That is very hard for me to admit, because I truly love and respect this country and would never want to speak bad of it because I’ll forever be grateful for how it embraced me, educated me and helped me thrive.

As for Wieden … well they have been awesome. 

I thought I would stay at W+K forever but unfortunately, we’re a very flat structured, relatively small company, so there’s just not that many options easily available for someone like me. Everyone tried to make it work but as I have no desire to be an MD and feel I’ve achieved everything [and more] that I set out to do in Shanghai – and that I was asked to do in Shanghai – I came to the realization that for me to keep growing, I had to try something different.

That said, there is absolutely no doubt that I have enjoyed one of the most exciting and fulfilling times of my professional career [so far] but right now, I need to go and try some stuff that takes everything I have learnt – from Wieden and beyond – and mix it with a bunch of new experiences and lessons so I can see what happens in a totally different environment and situation.

I’m very excited about that but I’ll always be super thankful for the chance Wieden gave me, especially because they never asked me to be anyone else other than myself.

Even when it annoyed the fuck out of them.

To have done 7 years in the best agency in the World, in one of the most amazing countries in the World with some of the best clients in the World is an incredible honour.

To have earned their trust enough that they asked a planner – a bloody planner! – to start and run their creative talent incubator, The Kennedys, is extra special.

But to have them say you’ve done a good job and you should go and explore but never rule out coming back, shows how special – and mental – they are.

And they are. Very, very special.

And mental.

So what next?

Well, I’ll announce that soon however what I will tell you is I’m swapping one country with an evil government regime for another.

That’s right, I’m moving to America.

To LA to be precise.

I swear this is not purely because I can get away with wearing Birkenstocks the whole time.

But it helped make our decision.

I’ll reveal all soon, but I’m very excited about this next chapter in life.

It will hopefully challenge and teach me a bunch of new things while offering my family the sort of environment they absolutely deserve to enjoy – and I’m incredibly grateful I have the chance to do this, especially at this point in my life.

But it’s even more than that.

You see my parents always said they wanted me to live a life of fulfilment rather than contentment and if they knew their only son was going to have experienced life in America, Europe and Asia, they would be super-proud.

As I get older, I realise what is becoming more important for me is less about how high up the career ladder I go [though, as Harrison Ford said, I won’t undervalue all the work it has taken to get me to my current position] and more about how varied my life experiences are.

This move is another step to fulfilling that … or it will be when it happens. Until then, you’ll have to put up with business as usual, which basically means more ranty rubbish blog posts.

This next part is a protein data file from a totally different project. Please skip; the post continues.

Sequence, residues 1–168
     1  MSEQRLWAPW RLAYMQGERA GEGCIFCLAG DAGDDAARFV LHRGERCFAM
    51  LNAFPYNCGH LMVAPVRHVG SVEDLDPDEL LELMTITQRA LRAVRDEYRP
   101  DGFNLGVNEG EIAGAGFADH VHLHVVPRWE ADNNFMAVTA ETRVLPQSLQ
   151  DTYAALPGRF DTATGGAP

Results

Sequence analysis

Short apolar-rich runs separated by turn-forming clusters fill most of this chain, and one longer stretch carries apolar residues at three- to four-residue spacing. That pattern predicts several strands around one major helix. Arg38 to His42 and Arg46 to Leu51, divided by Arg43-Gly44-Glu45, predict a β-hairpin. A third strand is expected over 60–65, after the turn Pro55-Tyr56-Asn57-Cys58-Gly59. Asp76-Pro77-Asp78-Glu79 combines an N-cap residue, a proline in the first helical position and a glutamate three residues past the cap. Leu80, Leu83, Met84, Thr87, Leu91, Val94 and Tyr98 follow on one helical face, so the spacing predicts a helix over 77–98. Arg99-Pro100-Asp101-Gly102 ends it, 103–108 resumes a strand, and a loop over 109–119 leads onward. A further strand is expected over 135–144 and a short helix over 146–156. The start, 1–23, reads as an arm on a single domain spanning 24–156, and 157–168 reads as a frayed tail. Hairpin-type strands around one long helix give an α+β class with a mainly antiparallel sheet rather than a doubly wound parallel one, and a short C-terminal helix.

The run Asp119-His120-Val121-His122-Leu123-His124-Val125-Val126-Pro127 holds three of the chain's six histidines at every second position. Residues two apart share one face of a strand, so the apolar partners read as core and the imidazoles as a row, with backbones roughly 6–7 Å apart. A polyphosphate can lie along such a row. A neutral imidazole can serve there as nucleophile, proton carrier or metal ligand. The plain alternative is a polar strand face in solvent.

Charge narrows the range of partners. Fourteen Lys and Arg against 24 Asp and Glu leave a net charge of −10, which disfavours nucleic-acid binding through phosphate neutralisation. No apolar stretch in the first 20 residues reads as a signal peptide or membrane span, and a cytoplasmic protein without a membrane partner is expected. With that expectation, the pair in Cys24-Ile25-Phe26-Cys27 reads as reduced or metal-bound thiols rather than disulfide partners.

Onwards …
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* For the record, given many of you think I’ve done nothing over the past 7 years except go on holiday, you’ll be ecstatic to know I’ll be leaving Wieden just before I was going to be having my 6 week paid sabbatical. I guess you could call it ‘holiday karma’.




Credit Where Credit Is Due …

One of the things that has always bugged me about adland is the ad ‘credit list’.

Sometimes you’ll read about a one-off print ad that has a longer credit list than a bloody movie.

Seriously.

Look, I get the importance of having your name on things – this is an industry obsessed with that – but it kind of gets ridiculous when people are mentioned because they put the stamp on the invitation for the client launch.

That’s why I always loved that Mother credited everything as Mother.

Sure, you could claim it robbed those involved in the making of the work from getting the credit they deserved – but I can tell you for a fact, there’s no way those people would be anonymous for long.

Of course the worst is when people take credit for things they didn’t really do.

Or big themselves up to make it sound like they were instrumental in what was created.

With that, I want to tell you a story that I heard from my friend – and creative extroidinatire – Kash Sree.

A long time ago – in the 80’s to be precise – there was a phenomenal writer called Richard Cook.

The creative director he worked for was notorious for not giving credit to the people who deserved it and had left Richard’s name off numerous previous pieces of well received work.

One lunch, the creative director handed Richard an ad and asked him to write some copy for it before he got back.

Richard – in a demonstration of his talent – wrote the piece over his lunch break.

It’s the ad at the top of this post.

The ad went on to win countless awards.

In an award-obsessed industry, Richard wasn’t exactly surprised that the creative director yet again denied Richard had anything to do with the work. So Richard unleashed his weapon.

He simply stated if anyone needed proof that he was responsible for the ad, they should read the first letter of every paragraph of the copy.

I’ll save you the bother. It spelled out ‘Richard Cook wrote this’.

Genius.



Details … Details … Details …

Maybe it’s because I’ve broken the screen on my iPhone 7 three times.

Maybe it’s because I work in advertising.

Or maybe it’s because I’m a sad bastard …

But this ad bothers me a lot.

No … it not the terribly contrived ‘real life’ image.

Nor is it the fact 25% of iPhone 7 owners are clumsy fucks.

It’s the fact the company – Tech 21 – make such a deal of being iPhone 7 specialists AND THEN USE AN IMAGE IN THEIR AD THAT ISN’T OF AN iPHONE 7!!!

Why?

Seriously why?

Don’t tell me there isn’t a stock shot available because I did a quick look and theres loads of them.

No one behind this campaign comes out of this looking good.

The agency look like they were lazy bastards and the client looks like they don’t care.

Seriously, why should I trust a company about their iPhone 7 protection when they don’t even know what an iPhone 7 looks like.

This sort of thing drives me bonkers.

Literally bonkers.

It’s not hard to get this right.

It’s the least they should be doing.

If I was a competitor I’d absolutely jump on this.

Mind you, if I was at the agency/client behind it, I’d be jumping on people’s heads.

So come on adland, let’s not give people even more ammunition to question what we do and how valuable it can be for business. Seriously, get a fucking grip.